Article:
arw Females age 19 and older: 1.1 mg/day

Specific recommendations for each vitamin depend on age, gender, and other factors (such as pregnancy). Adults and pregnant or lactating women need higher levels of thiamine than young children.

Possible Side effects / Precautions / Possible Interactions:
A deficiency of thiamine can cause weakness, fatigue, psychosis, and nerve damage. Thiamine deficiency in the United States is most often seen in those who abuse alcohol (alcoholism). A lot of alcohol makes it hard for the body to absorb thiamine from foods. Unless those with alcoholism receive higher-than-normal amounts of thiamine to make up for the difference, the body will not get enough of the substance. This can lead to a disease called beriberi.

In severe thiamine deficiency, brain damage can occur. One type is called Korsakoff syndrome. The other is Wernicke's disease. Either or both of these conditions can occur in the same person.

There is no known poisoning linked to thiamine.

Research studies / References

arw Anon. From the Centers for Disease Control and Prevention. Lactic acidosis traced to thiamine deficiency related to nationwide shortage of multivitamins for total parenteral nutrition--United States, 1997. JAMA 1997;278(2):109, 111.
arw Abbas ZG, Swai AB. Evaluation of the efficacy of thiamine and pyridoxine in the treatment of symptomatic diabetic peripheral neuropathy. East Afr Med J 1997;74(12):803-808.
arw Avenell A, Handoll HH. Nutritional supplementation for hip fracture aftercare in older people. Cochrane Database Syst Rev 2005;(2):CD001880.
arw Benton D, Fordy J, Haller J. The impact of long-term vitamin supplementation on cognitive functioning. Psychopharmacology (Berl) 1995;117(3):298-305.
arw Cook CC, Hallwood PM, Thomson AD. B Vitamin deficiency and neuropsychiatric syndromes in alcohol misuse. Alcohol Alcohol 1998;33(4):317-336.
arw Hamadani M, Awan F. Role of thiamine in managing ifosfamide-induced encephalopathy. J Oncol Pharm Pract. 2006 Dec;12(4):237-9.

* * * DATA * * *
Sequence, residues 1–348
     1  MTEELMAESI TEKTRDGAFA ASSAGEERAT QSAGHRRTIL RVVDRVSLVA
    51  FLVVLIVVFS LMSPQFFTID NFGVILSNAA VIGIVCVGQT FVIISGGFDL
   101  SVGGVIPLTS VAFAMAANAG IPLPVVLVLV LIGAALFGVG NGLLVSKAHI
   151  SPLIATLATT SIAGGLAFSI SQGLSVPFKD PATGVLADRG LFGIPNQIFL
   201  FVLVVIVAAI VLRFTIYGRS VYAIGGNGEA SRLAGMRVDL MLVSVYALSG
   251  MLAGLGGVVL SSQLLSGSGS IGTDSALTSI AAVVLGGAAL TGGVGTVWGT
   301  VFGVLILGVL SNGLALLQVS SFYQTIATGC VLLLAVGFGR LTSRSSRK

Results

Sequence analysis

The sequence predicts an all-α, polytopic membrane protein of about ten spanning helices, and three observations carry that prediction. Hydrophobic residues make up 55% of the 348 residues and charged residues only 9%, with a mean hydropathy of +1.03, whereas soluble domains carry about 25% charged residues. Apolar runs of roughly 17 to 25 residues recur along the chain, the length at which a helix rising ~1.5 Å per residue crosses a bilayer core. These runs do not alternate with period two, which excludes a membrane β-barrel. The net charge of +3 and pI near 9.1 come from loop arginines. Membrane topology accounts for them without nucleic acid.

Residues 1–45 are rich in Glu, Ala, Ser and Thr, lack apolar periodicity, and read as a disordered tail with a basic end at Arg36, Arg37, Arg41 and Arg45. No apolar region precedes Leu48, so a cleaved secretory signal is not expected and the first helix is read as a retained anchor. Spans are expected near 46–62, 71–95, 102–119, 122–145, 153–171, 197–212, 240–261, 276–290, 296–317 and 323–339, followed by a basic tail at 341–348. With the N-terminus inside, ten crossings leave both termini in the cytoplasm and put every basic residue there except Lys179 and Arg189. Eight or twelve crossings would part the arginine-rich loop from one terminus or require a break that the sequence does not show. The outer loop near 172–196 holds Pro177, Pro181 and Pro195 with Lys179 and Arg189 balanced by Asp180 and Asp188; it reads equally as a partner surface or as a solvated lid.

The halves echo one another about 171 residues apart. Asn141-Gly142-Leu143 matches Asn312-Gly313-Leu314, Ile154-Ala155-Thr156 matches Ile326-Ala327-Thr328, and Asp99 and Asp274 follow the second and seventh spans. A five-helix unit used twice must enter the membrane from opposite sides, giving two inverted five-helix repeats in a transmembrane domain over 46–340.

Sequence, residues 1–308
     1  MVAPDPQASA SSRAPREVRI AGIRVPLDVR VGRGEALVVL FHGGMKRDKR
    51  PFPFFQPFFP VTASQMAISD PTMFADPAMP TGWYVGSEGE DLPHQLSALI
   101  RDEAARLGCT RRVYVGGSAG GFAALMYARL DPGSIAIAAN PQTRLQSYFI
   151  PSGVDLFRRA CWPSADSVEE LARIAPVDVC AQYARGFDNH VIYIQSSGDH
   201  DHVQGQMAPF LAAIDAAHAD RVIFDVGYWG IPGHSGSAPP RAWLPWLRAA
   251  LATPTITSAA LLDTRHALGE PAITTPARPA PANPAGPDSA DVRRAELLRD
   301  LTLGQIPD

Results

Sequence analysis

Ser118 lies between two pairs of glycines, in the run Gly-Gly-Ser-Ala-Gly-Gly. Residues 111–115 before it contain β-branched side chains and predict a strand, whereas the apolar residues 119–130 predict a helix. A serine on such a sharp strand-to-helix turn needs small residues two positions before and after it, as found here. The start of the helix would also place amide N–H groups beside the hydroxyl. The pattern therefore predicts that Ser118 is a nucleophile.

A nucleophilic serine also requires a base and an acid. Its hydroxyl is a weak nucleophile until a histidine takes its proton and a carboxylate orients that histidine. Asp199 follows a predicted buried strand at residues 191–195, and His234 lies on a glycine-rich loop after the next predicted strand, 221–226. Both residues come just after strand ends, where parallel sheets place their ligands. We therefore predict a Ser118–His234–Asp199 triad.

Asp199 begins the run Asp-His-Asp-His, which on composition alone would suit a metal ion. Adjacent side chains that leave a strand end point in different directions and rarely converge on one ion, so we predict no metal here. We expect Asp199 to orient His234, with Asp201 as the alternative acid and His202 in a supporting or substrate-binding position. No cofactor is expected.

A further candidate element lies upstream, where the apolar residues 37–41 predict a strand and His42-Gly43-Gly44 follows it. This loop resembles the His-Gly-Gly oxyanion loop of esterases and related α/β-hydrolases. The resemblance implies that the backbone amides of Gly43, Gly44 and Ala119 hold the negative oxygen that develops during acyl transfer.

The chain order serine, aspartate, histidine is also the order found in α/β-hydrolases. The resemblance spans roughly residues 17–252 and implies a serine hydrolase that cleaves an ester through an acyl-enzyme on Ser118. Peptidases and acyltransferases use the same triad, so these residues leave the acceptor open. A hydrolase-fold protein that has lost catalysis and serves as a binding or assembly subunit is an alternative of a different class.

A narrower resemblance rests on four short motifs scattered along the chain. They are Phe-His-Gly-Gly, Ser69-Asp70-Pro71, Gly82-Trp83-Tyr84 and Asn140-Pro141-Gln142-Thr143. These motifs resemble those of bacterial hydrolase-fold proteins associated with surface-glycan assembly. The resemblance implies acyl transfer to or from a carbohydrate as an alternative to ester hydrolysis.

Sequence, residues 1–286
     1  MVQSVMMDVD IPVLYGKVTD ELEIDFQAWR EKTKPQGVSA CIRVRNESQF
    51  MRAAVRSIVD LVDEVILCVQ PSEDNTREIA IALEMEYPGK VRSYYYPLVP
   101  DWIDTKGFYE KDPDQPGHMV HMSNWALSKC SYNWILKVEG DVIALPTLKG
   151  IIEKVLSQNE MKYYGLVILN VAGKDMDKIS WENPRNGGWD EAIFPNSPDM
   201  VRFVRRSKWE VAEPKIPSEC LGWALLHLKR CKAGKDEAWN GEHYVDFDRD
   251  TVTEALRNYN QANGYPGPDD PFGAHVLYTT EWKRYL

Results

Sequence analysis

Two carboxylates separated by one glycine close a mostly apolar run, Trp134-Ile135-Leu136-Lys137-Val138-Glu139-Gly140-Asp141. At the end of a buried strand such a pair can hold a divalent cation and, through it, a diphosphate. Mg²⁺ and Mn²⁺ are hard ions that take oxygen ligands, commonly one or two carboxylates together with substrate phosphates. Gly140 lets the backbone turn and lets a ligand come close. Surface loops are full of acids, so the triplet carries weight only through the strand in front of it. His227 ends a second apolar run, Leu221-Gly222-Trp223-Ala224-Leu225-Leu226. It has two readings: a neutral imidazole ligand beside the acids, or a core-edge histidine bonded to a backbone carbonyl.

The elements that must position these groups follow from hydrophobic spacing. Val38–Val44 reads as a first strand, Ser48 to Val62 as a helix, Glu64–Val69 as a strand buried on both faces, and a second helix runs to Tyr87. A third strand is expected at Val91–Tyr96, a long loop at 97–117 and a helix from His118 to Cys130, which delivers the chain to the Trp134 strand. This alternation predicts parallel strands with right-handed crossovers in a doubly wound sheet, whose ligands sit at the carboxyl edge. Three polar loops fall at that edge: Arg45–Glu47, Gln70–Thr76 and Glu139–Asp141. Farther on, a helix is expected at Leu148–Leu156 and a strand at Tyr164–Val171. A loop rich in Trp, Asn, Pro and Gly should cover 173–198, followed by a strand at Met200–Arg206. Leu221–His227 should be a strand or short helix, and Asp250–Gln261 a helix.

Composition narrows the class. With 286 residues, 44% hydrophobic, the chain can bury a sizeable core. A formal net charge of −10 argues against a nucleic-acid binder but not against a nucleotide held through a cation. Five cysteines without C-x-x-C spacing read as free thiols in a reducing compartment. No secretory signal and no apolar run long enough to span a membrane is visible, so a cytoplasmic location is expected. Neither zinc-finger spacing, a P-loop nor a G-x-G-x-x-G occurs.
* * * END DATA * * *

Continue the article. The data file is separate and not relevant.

arw Kabat GC, Miller AB, Jain M, et al. Dietary intake of selected B vitamins in relation to risk of major cancers in women. Br J Cancer 2008 Sep 2;99(5):816-21.
arw Nakasaki H, Ohta M, Soeda J, et al. Clinical and biochemical aspects of thiamine treatment for metabolic acidosis during total parenteral nutrition. Nutrition 1997;13(2):110-117.
arw Nolan KA, Black RS, Sheu KF, et al. A trial of thiamine in Alzheimer's disease. Arch Neurol 1991;48(1):81-83.
arw Olsen BS, Hahnemann JM, Schwartz M, et al. Thiamine-responsive megaloblastic anaemia: a cause of syndromic diabetes in childhood. Pediatr Diabetes 2007 Aug;8(4):239-41.
arw 1Ranganathan LN, Ramaratnam S. Vitamins for epilepsy. Cochrane Database Syst Rev 2005;(2):CD004304.
arw Saif MW. Is there a role for thiamine in the management of congestive heart failure? South Med J 2003;96(1):114-115.
arw Seligmann H, Halkin H, Rauchfleisch S, et al. Thiamine deficiency in patients with congestive heart failure receiving long-term furosemide therapy: a pilot study. Am J Med 1991;91(2):151-155.
arw Sohrabvand F, Shariat M, Haghollahi F. Vitamin B supplementation for leg cramps during pregnancy. Int J Gynaecol Obstet 2006 Oct;95(1):48-9.
arw Yates AA, Schlicker SA, Suitor CW. Dietary Reference Intakes: the new basis for recommendations for calcium and related nutrients, B vitamins, and choline. J Am Diet Assoc 1998;98(6):699-706.